By Dr. Mehmood Asghar PhD., M Phil, BDS
Thanks to modern dentistry, we have straighter, whiter teeth and much more attractive smiles than our prehistoric ancestors. So naturally, one would think that compared to prehistoric humans, and with all the oral healthcare products available, we would also have healthier and stronger teeth, right? Wrong – that's not the case.
If that sounds unbelievable, there's evidence from a recent research study published in Nature Genetics. Researchers took the supra- and sub-gingival calculus samples from the teeth of prehistoric European human skeletons (n = 34) – dating from the Mesolithic to the medieval period and extracted the DNA sequences of the skeletons. They also used primers to detect Streptococcus mutans and Porphyromonas gingivalis in the calculus samples and then compared them with modern human teeth.
Here is the interesting part – Study(1) showed that prehistoric humans, the so-called hunter-gatherers, had really good teeth! Ancient humans had lower loads of harmful disease-causing bacteria and a significantly lower risk of developing tooth decay and gum disease. However, once farming populations expand, there's a massive change. Huge amounts of gum disease and cavities start cropping up," says Alan Cooper, Ph.D., Director of the Australian Centre for Ancient DNA.
By now, you must be asking the same question – why?
According to Cooper, the reason behind modern-day humans having weaker and more disease-prone teeth is all because of their diet. The hunter-gatherers relied upon meat, vegetable, and nuts for their nutrition. But on the other hand, the modern-day diet consists mainly of processed foods rich in carbohydrates and sugars.
The increase in the carbohydrate and sugar content in the modern human diet is the main culprit behind the increased incidence of dental problems such as periodontal disease and tooth decay. This is because more carbohydrates are available to the harmful bacteria to release by-products that are pre-cursors to gum disease and tooth demineralization.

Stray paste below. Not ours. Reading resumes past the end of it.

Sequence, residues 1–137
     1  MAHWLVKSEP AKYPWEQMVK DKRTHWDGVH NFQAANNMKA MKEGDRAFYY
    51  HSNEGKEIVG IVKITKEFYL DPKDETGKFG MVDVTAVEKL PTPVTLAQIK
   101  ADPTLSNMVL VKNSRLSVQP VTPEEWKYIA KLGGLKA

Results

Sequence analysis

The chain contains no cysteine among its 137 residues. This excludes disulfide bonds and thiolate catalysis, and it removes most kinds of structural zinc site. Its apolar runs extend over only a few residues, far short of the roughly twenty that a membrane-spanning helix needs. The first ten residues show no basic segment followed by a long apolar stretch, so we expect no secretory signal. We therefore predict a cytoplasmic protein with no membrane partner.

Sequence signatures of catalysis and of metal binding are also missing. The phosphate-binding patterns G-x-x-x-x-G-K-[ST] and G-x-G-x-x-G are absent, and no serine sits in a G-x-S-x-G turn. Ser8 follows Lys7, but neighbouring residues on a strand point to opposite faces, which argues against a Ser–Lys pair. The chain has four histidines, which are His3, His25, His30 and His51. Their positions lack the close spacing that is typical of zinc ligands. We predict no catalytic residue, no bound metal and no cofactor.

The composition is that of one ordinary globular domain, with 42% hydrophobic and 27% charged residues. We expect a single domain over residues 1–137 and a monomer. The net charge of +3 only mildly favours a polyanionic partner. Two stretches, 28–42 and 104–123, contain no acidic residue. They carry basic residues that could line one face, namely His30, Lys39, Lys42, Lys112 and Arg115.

"What you've really created is an ecosystem which is very low in diversity and full of opportunistic pathogens that have jumped in to utilize the resources which are now free," said Dr. Cooper.
If these findings are not shocking enough, here is another interesting scientific finding for you to chew on. Researchers discovered from human skeletal remains buried in the Al khuday cemetery in Sudan 2000 years ago – those who ate the purple nutsedge weed – had teeth that were surprisingly resistant to tooth decay and other dental problems(2). This study was published in the PLOS ONE journal and showcased on the National Geographic website.
Analysis of the hardened plaque samples of the skeletons showed that these people probably ingested the weed as food or medicine, despite its bitter taste. Other research studies have shown that the purple nutsedge has inherent antibacterial properties, preventing the harmful bacteria from flourishing.
As it turns out, our diet is to be blamed for the increased prevalence of tooth decay in the modern world. And our increased reliance on processed and soft foods has resulted in a considerable change in the oral flora of modern humans compared to the prehistoric ones, which consists of an increased ratio of disease-causing microbes.
Let's face it – as modern-day humans, we need to change our dietary habits and rely more on fruits, fresh vegetables, and non-processed foods to better protect against common dental issues. At the same time, we must also ensure optimal oral hygiene to prevent plaque and tartar deposition. Unfortunately, it seems that the ancient humans were wiser than us= – at least in terms of their dietary choices. But in our defense, that was all they could eat in those times.
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Author: Dr. Mehmood Asghar is a dentist by profession and an Assistant Professor of Dental Biomaterials at the National University of Medical Sciences, Pakistan. Dr. Asghar received his undergraduate and postgraduate dental qualifications from the National University of Science and Technology (NUST). He obtained a Ph.D. in Restorative Dentistry from Universiti Malaya, Malaysia. Besides his hectic clinical and research activities, Dr. Asghar likes to write evidence-based, informative articles for dental professionals and patients. Dr. Asghar has published several articles in international, peer-reviewed journals.